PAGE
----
Name: Simon Parkinson
The classic: VW Beetle
‘It’s been great fun and it has huge sentimental value for me. It was the family car, and the car I restored with my late father. I’ve toyed with having other things, and maybe now I’ve got more time I might well get another classic car, but this Beetle will never go.’
Simon’s VW Beetle has a long family history behind it, having been first bought by his father in 1957 before Simon was born. ‘The saga begins before this car,’ Simon tells us. ‘In 1955, my father bought a Ford Prefect but he didn’t like it at all, so he swapped it for a Beetle when he was in Torquey on holiday. That’s where the love for these cars began, really.’ Not long afterwards, Simon’s father moved to his second Beetle, which the family affectionately dubbed ‘BTE’ after the number plate. It’s the car that Simon still owns today. ‘He bought it in January 1957,’ Simon explains. ‘I was born two years later, and he took me home from the hospital in it as a new born. BTE was our family car until I was six or seven years old. I’ve still got good memories of that.’
Like its predecessor, however, BTE was then exchanged for newer model, this time a 1300 Beetle. ‘The car disappeared,’ Simon says. ‘It went through various owners, and we didn’t think we’d see it again.
‘One evening, however, my father and I were driving to church when a low-loader drove past us with a rusted, battered old Beetle on the back. I don’t know who recognised it first, but we both realised what it was. The truck pulled into the petrol station and we followed them, then asked where they were taking it. ‘The scrap heap,’ they told us. I don’t know why, perhaps it was one of those things that just happened: my father paid them £10, gave them an extra fiver to deliver it, and we went off to church. When we got back later that evening, BTE was once again sitting proudly on our driveway.’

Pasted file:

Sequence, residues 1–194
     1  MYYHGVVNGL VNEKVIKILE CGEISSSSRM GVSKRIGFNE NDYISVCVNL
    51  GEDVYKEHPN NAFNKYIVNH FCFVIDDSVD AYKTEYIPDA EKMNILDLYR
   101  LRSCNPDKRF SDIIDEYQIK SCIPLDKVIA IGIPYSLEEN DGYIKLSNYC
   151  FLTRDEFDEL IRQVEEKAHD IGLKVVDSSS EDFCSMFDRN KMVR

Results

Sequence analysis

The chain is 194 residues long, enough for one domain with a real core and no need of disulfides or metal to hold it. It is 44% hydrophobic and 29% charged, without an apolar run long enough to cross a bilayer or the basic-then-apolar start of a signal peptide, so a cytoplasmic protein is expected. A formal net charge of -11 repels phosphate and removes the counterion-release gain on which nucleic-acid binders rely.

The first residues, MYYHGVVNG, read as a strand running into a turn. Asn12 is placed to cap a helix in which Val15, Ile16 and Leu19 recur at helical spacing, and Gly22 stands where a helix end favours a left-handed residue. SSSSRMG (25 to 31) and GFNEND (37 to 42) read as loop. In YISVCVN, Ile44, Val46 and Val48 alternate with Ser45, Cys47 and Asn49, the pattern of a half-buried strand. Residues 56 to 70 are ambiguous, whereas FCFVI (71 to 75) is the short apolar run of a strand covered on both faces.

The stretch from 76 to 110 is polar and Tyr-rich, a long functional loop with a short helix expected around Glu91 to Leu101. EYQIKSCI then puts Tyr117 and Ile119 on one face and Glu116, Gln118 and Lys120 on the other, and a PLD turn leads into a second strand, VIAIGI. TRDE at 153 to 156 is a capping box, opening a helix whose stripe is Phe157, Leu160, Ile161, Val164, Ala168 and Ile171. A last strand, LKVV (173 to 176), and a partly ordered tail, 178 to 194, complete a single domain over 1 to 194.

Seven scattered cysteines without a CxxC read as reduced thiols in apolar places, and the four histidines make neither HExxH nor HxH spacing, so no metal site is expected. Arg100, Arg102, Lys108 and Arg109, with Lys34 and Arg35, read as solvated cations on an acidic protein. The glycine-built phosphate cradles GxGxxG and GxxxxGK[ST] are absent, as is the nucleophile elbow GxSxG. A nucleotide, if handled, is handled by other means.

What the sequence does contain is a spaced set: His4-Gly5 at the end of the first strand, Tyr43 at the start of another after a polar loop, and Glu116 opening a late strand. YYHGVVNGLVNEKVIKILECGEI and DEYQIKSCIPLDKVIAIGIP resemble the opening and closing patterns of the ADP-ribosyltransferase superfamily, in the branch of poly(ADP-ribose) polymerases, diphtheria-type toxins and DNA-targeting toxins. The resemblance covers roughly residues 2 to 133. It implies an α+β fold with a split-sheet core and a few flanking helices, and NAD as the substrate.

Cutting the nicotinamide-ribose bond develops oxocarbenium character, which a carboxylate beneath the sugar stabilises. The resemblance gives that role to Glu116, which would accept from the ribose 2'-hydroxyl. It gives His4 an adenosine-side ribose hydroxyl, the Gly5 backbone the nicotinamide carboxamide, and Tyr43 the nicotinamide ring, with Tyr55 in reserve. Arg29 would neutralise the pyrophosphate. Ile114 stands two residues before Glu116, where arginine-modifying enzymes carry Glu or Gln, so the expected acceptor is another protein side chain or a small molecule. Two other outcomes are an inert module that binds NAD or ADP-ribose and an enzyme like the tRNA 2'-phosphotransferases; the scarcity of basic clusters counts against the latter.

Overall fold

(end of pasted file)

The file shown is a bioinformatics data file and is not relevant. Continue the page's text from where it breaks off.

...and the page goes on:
Restoring a classic
‘Originally, the idea was to do it up and I’d then use it as my student car. We’d also discovered a recently formed owners’ club for early VW Beetles; today it’s known as the Historic VW Club. We joined, neither of us having any idea about car restoration, but the people there were incredibly helpful with advice and sorting parts. We learnt through doing it, we made mistakes and got things wrong but we had lots of people there to help us. I think that’s one of the nice things – certainly in the Beetle part of the classic car world – there is lots of help out there.
That autumn, my father and I took the body shell off BTE and restored the chassis by ourselves. When we put it all back together again, we went to our first classic VW event in 1978 or ’79. We won a prize in the concours d’elegance, which was a fantastic achievement for us having just finished it. Sadly, however, two weeks later my father died very unexpectedly, leaving his pride and joy in the garage.’